A lot of developers are working towards devising technology that integrates human and machine interaction in more intuitive ways. Cambridge Consultants is the latest to introduce a novel squeezable UI technology with the Suma. The technology translates finger and hand grip movements into software readable form to allow for advanced control of games, the internet and similar computing applications.
“Our hands are extraordinary instruments for control and communication. One of our earliest instincts as babies is to grip and grasp, and about a quarter of the motor cortex of the human brain is devoted to the muscles of the hand. Yet current input devices for computers and games do not fully exploit these capabilities. Although gesture-based control is a huge step, even this does not convey the subtlety and flexibility of what our hands can do,” explains Duncan Smith, head of Consumer Product Development at Cambridge Consultants.
This low-cost technology incorporated within the Suma sensor system interprets 3D deformation of a squeezed object into software readable form. Suma-based gadgets will be capable of capturing every hand gesture intuitively and permit better control as compared to current controllers. This technology can be applied to everything from gaming to creative arts to music to harness the combined abilities of the human hand and imagination.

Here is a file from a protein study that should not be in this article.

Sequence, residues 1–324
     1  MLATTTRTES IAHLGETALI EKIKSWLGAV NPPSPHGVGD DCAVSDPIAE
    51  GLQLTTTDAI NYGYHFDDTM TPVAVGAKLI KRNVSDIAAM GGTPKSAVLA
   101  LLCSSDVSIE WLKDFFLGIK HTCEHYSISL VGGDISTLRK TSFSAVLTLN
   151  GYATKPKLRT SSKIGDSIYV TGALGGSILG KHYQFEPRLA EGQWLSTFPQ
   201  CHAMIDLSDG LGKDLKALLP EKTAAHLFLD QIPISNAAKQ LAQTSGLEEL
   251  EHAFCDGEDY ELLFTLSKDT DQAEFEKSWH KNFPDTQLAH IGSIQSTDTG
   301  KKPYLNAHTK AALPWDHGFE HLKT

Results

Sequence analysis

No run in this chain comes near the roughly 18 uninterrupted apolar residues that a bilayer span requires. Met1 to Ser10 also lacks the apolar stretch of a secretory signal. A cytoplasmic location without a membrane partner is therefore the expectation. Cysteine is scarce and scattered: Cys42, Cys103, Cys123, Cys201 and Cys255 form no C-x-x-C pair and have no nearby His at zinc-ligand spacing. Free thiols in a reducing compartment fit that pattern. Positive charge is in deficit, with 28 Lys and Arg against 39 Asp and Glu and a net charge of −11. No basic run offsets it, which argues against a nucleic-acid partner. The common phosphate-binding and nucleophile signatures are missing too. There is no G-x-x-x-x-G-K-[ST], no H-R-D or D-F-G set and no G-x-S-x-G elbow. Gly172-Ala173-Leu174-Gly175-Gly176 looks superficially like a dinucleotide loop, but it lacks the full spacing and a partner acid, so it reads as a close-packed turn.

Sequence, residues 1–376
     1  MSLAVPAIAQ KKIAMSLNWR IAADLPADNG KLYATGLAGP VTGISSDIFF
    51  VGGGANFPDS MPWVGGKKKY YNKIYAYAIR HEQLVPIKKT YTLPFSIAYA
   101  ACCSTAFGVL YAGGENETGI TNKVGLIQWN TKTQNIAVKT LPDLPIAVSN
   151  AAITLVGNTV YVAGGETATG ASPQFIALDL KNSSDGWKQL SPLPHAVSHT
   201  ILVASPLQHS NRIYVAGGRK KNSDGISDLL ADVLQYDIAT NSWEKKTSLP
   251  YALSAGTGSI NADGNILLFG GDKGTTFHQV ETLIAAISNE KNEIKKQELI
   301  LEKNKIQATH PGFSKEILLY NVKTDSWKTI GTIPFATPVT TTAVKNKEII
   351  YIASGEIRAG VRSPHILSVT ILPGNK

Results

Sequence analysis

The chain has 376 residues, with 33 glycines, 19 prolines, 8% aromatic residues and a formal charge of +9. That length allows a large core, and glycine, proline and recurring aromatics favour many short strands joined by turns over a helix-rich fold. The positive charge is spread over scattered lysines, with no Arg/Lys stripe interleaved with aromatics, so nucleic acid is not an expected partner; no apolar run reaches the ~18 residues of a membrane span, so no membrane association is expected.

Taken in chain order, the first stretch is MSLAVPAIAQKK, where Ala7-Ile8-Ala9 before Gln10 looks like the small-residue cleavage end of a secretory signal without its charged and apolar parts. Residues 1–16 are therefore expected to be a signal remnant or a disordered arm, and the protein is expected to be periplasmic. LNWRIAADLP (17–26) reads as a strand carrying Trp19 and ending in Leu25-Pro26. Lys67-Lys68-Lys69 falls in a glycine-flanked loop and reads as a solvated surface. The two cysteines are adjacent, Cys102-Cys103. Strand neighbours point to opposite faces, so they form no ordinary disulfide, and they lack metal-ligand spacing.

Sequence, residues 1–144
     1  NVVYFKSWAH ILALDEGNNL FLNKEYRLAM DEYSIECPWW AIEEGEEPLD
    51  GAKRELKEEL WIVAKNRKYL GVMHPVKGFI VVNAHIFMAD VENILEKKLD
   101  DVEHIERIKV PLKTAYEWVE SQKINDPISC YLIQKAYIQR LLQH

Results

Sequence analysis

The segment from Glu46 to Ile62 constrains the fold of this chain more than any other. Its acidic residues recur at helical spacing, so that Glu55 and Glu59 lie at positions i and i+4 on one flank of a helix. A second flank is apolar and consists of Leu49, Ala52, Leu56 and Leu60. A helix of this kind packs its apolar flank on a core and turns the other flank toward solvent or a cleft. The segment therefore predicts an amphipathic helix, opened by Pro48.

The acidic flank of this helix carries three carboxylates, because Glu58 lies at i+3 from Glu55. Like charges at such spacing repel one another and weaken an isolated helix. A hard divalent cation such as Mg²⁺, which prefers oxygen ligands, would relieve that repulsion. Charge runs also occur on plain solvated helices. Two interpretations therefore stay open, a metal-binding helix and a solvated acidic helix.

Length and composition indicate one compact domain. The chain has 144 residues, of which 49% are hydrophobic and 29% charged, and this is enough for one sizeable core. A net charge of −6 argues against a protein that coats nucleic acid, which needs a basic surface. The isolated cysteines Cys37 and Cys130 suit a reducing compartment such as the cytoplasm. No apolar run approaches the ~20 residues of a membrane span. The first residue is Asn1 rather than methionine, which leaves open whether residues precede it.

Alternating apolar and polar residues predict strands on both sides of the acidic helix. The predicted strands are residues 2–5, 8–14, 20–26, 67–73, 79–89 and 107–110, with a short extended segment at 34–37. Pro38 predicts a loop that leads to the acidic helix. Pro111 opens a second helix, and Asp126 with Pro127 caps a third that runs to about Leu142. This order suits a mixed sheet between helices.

“By capturing that complexity, Suma enables product developers in a range of industries to greatly enhance the experience of their users, adding multidimensional interaction to both existing and new applications.Emerging trends like 3D displays and augmented reality are bound to stimulate interest in Suma’s unique capabilities, where the emergence of next generation applications is limited only by the lack of suitable input devices. But it’s also just as relevant and exciting for existing 2D applications and web-based services, where squeeze-to-click can now become squeeze-to-control,” added Smith.
A Suma-based device can be pictured as a conventional game controller enveloped in a Suma skin instead of the normal casework. This integrates the Suma sensor network at an incremental expense amounting to less than $1. Cambridge Consultants will showcase a prototype of their Suma-based game controller at the Consumer Electronics Show, Las Vegas from January 7 to January 10, 2010.